A proportion of hereditary upper urinary tract urothelial carcinomas are misclassified as sporadic according to a multi-institutional database analysis: Proposal of patient-specific risk identification tool
ABSTRACT Study Type – Diagnostic (exploratory cohort)
Level of Evidence 3a
What's known on the subject? and What does the study add?
Hereditary non-polyposis colorectal cancer (HNPCC), also known as Lynch syndrome, is an autosomal dominant multi-organ cancer syndrome. Upper urinary tract urothelial carcinomas belong to HNPCC-related tumours and rank third within this group after colorectal and endometrial cancer. However, many urologists are not aware of this association and it is presumed that some hereditary cancers are misclassified as sporadic and that their incidence is underestimated. Consequently, family members of patients with upper urinary tract urothelial carcinomas secondary to HNPCC may be denied appropriate surveillance and early detection.
A significant proportion of patients (21.3%) with newly diagnosed upper urinary tract urothelial carcinomas may have underlying HNPCC. Demographic and epidemiological characteristics suggest different mechanisms of carcinogenesis among this population. Recognition of such potential is essential for appropriate clinical and genetic management of patients and family. In order to help to identify these patients, we propose a patient-specific checklist.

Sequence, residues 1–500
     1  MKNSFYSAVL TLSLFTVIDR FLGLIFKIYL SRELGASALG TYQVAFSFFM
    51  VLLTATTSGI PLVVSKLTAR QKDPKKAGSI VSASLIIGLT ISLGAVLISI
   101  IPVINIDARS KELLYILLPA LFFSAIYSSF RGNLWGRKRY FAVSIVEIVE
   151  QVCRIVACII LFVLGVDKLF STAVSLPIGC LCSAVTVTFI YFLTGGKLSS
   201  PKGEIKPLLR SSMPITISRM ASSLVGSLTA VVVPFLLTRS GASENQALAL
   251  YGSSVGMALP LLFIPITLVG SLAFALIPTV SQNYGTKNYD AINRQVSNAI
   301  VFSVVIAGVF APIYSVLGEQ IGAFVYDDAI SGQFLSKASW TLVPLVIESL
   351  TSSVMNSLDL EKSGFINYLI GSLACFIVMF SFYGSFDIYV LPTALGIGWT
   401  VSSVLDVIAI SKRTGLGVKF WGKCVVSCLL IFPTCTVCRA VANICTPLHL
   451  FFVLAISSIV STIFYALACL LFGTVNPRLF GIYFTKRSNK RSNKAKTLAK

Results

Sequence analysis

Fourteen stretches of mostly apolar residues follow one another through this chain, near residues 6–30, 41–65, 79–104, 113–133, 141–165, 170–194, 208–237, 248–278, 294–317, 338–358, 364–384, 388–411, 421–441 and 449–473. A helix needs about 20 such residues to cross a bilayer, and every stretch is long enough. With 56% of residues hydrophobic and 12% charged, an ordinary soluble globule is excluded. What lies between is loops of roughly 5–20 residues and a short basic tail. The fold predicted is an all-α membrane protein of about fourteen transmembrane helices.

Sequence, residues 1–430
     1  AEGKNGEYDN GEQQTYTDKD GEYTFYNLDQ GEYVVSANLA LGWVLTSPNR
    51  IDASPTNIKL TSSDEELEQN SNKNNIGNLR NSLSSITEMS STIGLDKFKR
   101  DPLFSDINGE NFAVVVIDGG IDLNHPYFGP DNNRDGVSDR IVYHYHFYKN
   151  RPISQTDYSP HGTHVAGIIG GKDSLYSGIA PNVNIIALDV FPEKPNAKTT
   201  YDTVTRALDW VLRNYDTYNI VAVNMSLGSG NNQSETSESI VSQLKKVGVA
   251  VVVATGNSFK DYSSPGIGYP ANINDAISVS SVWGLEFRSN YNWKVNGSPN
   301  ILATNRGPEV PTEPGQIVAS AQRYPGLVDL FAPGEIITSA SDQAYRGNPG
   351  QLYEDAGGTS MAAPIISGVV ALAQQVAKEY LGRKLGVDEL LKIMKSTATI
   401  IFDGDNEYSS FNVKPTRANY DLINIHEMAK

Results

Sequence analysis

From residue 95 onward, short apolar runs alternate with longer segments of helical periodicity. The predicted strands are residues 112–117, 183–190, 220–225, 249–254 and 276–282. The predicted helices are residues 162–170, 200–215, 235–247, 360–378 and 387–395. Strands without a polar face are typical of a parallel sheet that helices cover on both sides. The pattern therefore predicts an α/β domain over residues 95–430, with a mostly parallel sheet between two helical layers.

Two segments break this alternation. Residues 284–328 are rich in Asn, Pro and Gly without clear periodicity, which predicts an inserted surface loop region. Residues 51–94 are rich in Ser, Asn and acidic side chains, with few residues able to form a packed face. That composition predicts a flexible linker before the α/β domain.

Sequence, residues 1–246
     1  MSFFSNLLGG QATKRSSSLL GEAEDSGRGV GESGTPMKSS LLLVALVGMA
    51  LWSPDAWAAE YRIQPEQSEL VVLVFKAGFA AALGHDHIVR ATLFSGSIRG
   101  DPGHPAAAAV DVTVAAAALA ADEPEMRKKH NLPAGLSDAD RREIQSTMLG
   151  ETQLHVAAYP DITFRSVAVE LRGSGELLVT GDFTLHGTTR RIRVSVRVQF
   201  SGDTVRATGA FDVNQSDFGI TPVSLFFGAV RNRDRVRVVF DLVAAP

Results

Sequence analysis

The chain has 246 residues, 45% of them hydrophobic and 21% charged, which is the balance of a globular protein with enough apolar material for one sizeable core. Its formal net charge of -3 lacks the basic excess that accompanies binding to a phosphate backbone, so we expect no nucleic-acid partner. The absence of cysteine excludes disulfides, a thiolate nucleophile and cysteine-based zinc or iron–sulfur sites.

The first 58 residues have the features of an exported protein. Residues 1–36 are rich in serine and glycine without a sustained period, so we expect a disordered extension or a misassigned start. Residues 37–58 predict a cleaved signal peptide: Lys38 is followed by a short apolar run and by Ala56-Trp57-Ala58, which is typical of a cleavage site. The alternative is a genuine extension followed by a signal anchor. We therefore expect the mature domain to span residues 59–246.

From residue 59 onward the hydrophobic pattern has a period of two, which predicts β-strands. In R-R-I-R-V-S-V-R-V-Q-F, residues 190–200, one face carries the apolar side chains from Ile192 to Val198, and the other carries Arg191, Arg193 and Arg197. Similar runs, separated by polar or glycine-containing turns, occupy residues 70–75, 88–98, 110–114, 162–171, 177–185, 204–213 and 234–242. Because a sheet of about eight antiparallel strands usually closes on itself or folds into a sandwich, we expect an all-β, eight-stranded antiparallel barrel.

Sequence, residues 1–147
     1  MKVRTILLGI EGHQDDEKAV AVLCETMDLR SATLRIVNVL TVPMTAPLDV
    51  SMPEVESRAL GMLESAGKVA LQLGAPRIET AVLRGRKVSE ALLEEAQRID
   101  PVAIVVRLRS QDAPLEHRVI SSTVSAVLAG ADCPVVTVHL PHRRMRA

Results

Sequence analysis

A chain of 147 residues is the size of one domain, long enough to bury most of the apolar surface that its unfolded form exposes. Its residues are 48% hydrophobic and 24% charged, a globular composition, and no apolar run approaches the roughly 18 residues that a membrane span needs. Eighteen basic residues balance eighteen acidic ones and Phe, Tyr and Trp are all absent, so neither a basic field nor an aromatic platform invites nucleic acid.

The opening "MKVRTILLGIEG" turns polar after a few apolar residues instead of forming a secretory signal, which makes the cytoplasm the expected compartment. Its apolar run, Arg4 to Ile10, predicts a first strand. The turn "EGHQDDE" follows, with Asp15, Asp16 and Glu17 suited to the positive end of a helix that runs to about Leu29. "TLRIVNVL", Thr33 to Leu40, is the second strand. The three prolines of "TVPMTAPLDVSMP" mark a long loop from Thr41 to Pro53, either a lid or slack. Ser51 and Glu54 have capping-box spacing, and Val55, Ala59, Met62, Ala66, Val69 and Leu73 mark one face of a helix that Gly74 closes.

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ABSTRACT: ► Lynch syndrome involves many rare cancers, such as urothelial carcinoma. ► The case describes incidental urothelial carcinoma associated with Lynch syndrome. ► Clinical suspicion of rare cancers must be maintained in certain patients.01/2012; 4:26-8. DOI:10.1016/j.gynor.2012.12.005
- World Journal of Urology 09/2012; 31(1). DOI:10.1007/s00345-012-0958-2 · 3.42 Impact Factor
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ABSTRACT: OBJECTIVES: Primary upper tract urothelial carcinoma (UTUC) is a relatively rare tumor with up to 60% of cases being muscle invasive at presentation. In this article we review the molecular biology of UTUC, an understanding of which may help to address some of the dilemmas surrounding the diagnosis and treatment of this disease and ultimately lead to the introduction of personalized treatment plans. METHODS: The literature search on the molecular aspects of UTUC was performed using the National Library of Medicine database. RESULTS: UTUC and urothelial carcinomas of the bladder share many common biological pathways. UTUC are more commonly associated with conditions such as Balkan Endemic Nephropathy and Hereditary Non Polyposis Colon Cancer (HNPCC), the molecular basis of which is now being understood. A large number of potential biomarkers have been studied to help identify robust prognostic markers in UTUC. CONCLUSION: Advances in our understanding of the biology of UTUC is may in the future help to identify novel druggable targets, clinically applicable biomarkers and guide treatment of the rare but lethal condition.Urologic Oncology 02/2013; 32(1). DOI:10.1016/j.urolonc.2012.10.002 · 3.36 Impact Factor